So, what happens when a seller spams others? Does that seller get sales?

No.

The best case scenario, they will be ignored.

And not-the-best-case-scenario?

Possibilities are many. For example, the one they have spammed might block their Twitter account, and report them for spamming. If a bunch of people report them for spamming (sooner or later, they will), they’ll lose their Twitter accounts. And create new ones, I guess, with the usernames no longer being their Fiverr usernames, because those are already blocked.

And if the one they spammed is bored enough?

Well… They might really look at their gigs. And check if the images or the descriptions appear elsewhere on the internet. And report them to Fiverr for non-original content. And wait for results (and possibly a forum post from someone complaining that their gigs were removed for no reason).

The tip, since this is in the Tips category?

Don’t spam. As in, don’t send unsolicited messages, Twitter replies, Twitter mentions, friend requests, and so on, to other Fiverr sellers outside of Fiverr. Ever. Because you are unlikely to make sales, and are likely to get blocked and reported.

This post might have been inspired by being spammed today, blocking and reporting that seller’s Twitter account, and then reporting their gigs with stolen images, too. Of course, I’m not going to name anyone. 😸

People that message other people about their offers look like those fishy salesman lurking around the corner, making glances right and left for the police. “Wanna get your dose of unlicensed banners bud?” :man_supervillain:

Marketing isn’t spamming. You must be cleverer than that. With this access at lots of social media outlets and email subscriptions, people get bombarded with spam, and they get even more and more indifferent if you approach them like this.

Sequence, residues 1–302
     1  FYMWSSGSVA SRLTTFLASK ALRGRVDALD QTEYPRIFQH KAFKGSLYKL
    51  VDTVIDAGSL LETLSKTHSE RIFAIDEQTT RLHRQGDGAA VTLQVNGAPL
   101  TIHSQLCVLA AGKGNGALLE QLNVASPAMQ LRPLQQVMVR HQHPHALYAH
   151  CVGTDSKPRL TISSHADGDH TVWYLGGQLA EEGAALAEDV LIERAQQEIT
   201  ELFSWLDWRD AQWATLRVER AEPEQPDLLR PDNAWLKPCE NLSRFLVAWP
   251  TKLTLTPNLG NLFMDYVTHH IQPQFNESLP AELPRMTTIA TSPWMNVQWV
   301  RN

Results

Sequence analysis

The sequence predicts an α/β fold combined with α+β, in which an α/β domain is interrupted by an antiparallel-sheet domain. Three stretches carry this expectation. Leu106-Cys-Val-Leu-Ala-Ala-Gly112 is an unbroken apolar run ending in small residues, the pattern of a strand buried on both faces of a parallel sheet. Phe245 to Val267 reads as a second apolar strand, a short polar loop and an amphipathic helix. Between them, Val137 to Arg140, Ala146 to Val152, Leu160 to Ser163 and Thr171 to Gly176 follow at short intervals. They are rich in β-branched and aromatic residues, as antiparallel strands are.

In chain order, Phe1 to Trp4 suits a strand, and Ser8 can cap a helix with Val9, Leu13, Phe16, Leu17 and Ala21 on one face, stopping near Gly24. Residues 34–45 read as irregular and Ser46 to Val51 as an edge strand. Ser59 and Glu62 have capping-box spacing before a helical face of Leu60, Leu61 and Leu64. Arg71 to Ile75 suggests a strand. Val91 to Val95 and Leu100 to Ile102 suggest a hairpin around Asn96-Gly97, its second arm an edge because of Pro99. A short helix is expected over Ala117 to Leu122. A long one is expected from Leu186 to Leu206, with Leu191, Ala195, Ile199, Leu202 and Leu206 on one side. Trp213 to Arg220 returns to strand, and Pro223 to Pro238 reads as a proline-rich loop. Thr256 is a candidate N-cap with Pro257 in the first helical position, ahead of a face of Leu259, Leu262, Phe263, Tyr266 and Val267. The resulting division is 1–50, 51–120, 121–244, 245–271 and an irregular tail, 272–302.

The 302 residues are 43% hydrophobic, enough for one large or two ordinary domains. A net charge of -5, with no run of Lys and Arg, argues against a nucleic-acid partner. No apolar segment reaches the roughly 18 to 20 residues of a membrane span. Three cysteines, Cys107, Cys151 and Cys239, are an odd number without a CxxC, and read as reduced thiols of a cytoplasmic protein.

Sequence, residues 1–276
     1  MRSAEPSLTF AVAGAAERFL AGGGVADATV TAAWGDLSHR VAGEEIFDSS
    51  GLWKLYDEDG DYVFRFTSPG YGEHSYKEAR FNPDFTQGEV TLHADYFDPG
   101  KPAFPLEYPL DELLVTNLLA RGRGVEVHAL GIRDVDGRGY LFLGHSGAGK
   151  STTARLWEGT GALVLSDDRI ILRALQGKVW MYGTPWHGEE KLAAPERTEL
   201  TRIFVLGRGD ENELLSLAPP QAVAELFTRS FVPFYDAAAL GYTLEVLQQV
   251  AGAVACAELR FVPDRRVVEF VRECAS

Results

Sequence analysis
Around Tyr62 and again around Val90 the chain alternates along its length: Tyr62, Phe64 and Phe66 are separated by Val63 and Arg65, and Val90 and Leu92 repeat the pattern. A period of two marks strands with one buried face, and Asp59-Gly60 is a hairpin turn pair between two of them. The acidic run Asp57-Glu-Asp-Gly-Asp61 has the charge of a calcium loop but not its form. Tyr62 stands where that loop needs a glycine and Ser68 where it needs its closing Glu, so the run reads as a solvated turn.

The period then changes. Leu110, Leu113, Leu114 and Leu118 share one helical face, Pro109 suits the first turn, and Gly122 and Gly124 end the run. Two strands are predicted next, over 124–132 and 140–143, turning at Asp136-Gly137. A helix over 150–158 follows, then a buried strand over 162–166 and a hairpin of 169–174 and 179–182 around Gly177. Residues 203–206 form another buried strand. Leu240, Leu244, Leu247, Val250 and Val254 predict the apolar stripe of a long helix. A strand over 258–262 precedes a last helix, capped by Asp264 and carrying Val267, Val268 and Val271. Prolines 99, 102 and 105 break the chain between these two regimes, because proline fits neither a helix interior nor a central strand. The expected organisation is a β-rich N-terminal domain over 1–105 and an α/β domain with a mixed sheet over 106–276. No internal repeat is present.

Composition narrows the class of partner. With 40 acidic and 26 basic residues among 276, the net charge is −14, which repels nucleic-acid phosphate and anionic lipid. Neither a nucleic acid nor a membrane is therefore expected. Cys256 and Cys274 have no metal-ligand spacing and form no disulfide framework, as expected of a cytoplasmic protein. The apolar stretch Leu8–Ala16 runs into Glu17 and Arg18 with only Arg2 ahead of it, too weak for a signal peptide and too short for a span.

Why not offering them something, instead of promoting yourself like a desperate person? For example, if you offer design services, “here is a free pack of social media icons made by me that you can use on your website. Free of charge, no subscription needed, no strings attached”. Give them the link where you post these, with a line below saying “If you want to get professional design service that looks even better than this, access this link”. Bam! There you go. Marketing! 😉

This post might have been inspired by being spammed today, blocking and reporting that seller’s Twitter account, and then reporting their gigs with stolen images, too.

I would have done exactly the same.

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People that message other people about their offers look like those fishy salesman lurking around the corner, making glances right and left for the police. “Wanna get your dose of unlicensed banners bud?” :man_supervillain:

Marketing isn’t spamming. You must be cleverer than that. With this access at lots of social media outlets and email subscriptions, people get bombarded with spam, and they get even more and more indifferent if you approach them like this.